Next think about each of your loved ones. How to you think they express their love? What do you think is their native language? And what is the order of importance of the other languages?
After you have written down your order of importance for yourself and for each of your loved ones, go to them [if they are adults or older children] and ask them to read this report and write down in order what they think the importance of the love languages is. Compare that to your list. Have you seen them the same way they see themselves?
Remember, when you go to give love to someone it is important to speak their native language, not yours. After all, you want them to understand that you love them. What means the most to them? Speak that language most often.
By now you can see the hurts and confusion that can come into relationships because of misunderstanding the love languages. For example, if a husband's native language is "presents" and his wife's native language is "quality time", think what could happen. The husband comes home from work gives his wife a rose with a romantic card and then goes and sits down in front of the TV. In his mind, he has expressed love for his wife. But, while she may appreciate the present, in the wife's mind she has not received love because he has not spent any quality time with her. On the other side of coin, the wife sits down and spends time with her husband thinking she is meeting his need for love, but he is wondering why she never shows her love with a card or small present.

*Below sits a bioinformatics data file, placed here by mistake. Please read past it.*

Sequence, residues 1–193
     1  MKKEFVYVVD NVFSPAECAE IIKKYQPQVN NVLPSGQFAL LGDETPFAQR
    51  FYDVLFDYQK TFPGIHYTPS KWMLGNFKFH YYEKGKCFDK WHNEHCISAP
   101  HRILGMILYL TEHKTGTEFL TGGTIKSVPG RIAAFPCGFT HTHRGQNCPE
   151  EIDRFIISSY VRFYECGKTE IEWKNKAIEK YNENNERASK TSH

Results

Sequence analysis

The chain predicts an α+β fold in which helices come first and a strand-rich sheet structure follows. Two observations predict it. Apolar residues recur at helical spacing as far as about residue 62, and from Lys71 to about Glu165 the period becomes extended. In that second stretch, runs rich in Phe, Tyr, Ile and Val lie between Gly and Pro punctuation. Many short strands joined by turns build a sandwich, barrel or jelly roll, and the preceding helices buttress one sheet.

Are you beginning to see how important it is understand and speak the other person's native love language? Some people are hurt and feel unloved [even when they are loved] because the person loving them hasn't learned to communicate that love in the way they understand and appreciate it most.
Lets take another example. If a son's native language is physical closeness and his father's native language is helper the stage is again set for misunderstandings. The father may build and do all sorts of things for his son trying to show his love, but inside the son is crying out, "Please let me be with you. How about a hug sometimes or a friendly wrestle? Don't you love me?"
Again let me stress that we should work on mastering all five love languages. But there are some that are going to mean more to us than others. When we were dating most of us didn't have too much trouble speaking all five languages. Somehow after we get married and things settled down we get lazy and slip back into speaking only one or two languages [if that]. Good relationships [with anyone or on any level] don't just happen. They take time and work. We need to work on the five languages of love and expressing the most appropriate ones to the people we love.
Now a special word about hugs. Even if a person's native language is not physical closeness, everyone needs a hug. From a mother a hug communicates comfort. A hug from a father gives a sense of security. Children, both male and female, need both kinds of hugs. Maybe you are not a "huggy" person - learn! It is a needed way of expressing love. Husbands and wives need hugs, too.
One final note: love notes are a fun and important way of communicating love. Hide notes around the house where the loved one will come unexpectedly upon it. Put a simple love note in a child's lunch box. This is especially important for fathers to do. Children are with their mother most of the time and know she loves them. Sometimes the father's love is in question. A simple "I love you, have a nice day, Love Dad" note means so much to many children. Think how you would have felt if your father had taken the time to express his love to you that way!
Expressing meaningful love takes time and work. Don't give up. Don't let the hurts and disappointments of life stop you. In a kind and gentle way, keep at it until you win the love and respect of your loved one.
The information in this report was inspired by the writings of Gary D. Chapman. To pursue this subject in greater depth consider one of his books below.
Note: If you purchase one of these books from these links I will make a commission. Disclosure Policy